Changing mindsets: Liberal Arts education in India
Liberal arts colleges in India are paving the way for those who are looking for a liberal education close to home
Are you a fuzzy or a techie? These terms, first coined at Stanford University, differentiates between students who study humanities and social sciences (fuzzy) with those who pursue computer science and pure sciences (techie). This informal division, explained by Scott Hartley in his book The Fuzzy and the Techie, is accepted worldwide, with liberal arts often being a part of the “fuzzies” camp. However, the true definition of a liberal arts education is one that awards a non-professional qualification. This means that all subjects outside of medicine, engineering, and business are considered a part of liberal arts, not just those confined to humanities, social sciences and languages.
Liberal arts education isn’t a novel concept. In fact, it dates back to the ancient Greco-Roman world which combined lessons in grammar, rhetoric and logic, later expanding this to all subjects aiming to provide a general education. This still continues to be the goal of a liberal arts education, which has become the foundation of education systems in North America, with Yale University first adopting this concept after the Yale Report 1828. Today, there are over 500 US universities that pride themselves on being completely “liberal arts” where they do NOT offer professional degree programmes. Some of these colleges are Williams College and Pomona College.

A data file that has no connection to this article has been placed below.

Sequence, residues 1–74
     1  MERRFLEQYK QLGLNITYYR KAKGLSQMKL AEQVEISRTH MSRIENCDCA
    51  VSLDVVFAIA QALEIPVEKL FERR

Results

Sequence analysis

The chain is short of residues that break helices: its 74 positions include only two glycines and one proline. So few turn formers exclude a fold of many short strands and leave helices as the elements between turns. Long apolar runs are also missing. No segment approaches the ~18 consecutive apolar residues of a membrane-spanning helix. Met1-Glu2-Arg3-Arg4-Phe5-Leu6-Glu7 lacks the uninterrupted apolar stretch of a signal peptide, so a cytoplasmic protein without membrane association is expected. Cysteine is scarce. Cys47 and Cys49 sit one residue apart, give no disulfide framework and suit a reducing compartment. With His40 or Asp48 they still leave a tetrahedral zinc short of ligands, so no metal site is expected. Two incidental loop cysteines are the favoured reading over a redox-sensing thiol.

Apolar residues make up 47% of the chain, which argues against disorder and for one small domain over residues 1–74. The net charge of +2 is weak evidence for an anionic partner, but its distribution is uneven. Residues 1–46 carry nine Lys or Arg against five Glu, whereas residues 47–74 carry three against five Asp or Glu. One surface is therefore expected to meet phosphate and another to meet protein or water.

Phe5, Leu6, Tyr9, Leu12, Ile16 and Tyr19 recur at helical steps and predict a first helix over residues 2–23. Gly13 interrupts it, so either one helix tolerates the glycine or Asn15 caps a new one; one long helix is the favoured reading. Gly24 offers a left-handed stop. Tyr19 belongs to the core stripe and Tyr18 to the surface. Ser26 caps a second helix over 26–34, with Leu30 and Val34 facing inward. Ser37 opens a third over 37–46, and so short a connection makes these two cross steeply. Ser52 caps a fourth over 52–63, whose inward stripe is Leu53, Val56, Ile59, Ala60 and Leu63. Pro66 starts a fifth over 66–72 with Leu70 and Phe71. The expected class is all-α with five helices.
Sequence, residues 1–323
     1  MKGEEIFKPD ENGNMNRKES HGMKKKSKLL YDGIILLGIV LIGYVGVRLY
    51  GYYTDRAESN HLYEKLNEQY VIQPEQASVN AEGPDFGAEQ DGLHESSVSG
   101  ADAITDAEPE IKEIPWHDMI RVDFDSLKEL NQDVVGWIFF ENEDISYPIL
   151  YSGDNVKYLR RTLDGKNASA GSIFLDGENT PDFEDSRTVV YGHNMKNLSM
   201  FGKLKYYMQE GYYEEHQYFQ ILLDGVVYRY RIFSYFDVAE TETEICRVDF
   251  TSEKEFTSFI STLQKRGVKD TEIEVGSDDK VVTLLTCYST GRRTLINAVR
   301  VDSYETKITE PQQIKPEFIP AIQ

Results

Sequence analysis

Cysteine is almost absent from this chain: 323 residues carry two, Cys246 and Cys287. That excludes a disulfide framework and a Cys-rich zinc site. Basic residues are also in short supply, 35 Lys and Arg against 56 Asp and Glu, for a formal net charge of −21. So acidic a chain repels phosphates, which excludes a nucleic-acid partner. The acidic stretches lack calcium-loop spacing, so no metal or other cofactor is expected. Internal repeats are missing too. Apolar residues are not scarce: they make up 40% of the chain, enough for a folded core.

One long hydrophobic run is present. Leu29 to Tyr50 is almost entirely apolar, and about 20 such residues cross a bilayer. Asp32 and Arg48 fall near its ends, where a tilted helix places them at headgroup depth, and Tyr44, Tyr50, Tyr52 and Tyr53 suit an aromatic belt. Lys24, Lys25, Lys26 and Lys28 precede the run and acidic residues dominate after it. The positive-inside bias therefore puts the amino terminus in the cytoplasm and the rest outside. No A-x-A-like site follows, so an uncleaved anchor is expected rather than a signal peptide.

In India, however, the higher education system has mimicked that of the UK. At the age of 17, students are expected to apply to a particular major and then study only that subject for the duration of their undergraduate degree. This decision is usually based on their strongest subjects in high school, which may not always be the best path. Recognising the need to update and change this perspective, various world-class liberal arts colleges have been established in India over the past few years. In fact, in July this year, the Indian government released a new National Education Policy aiming to make it multidisciplinary and orientate it towards critical thinking and problem solving.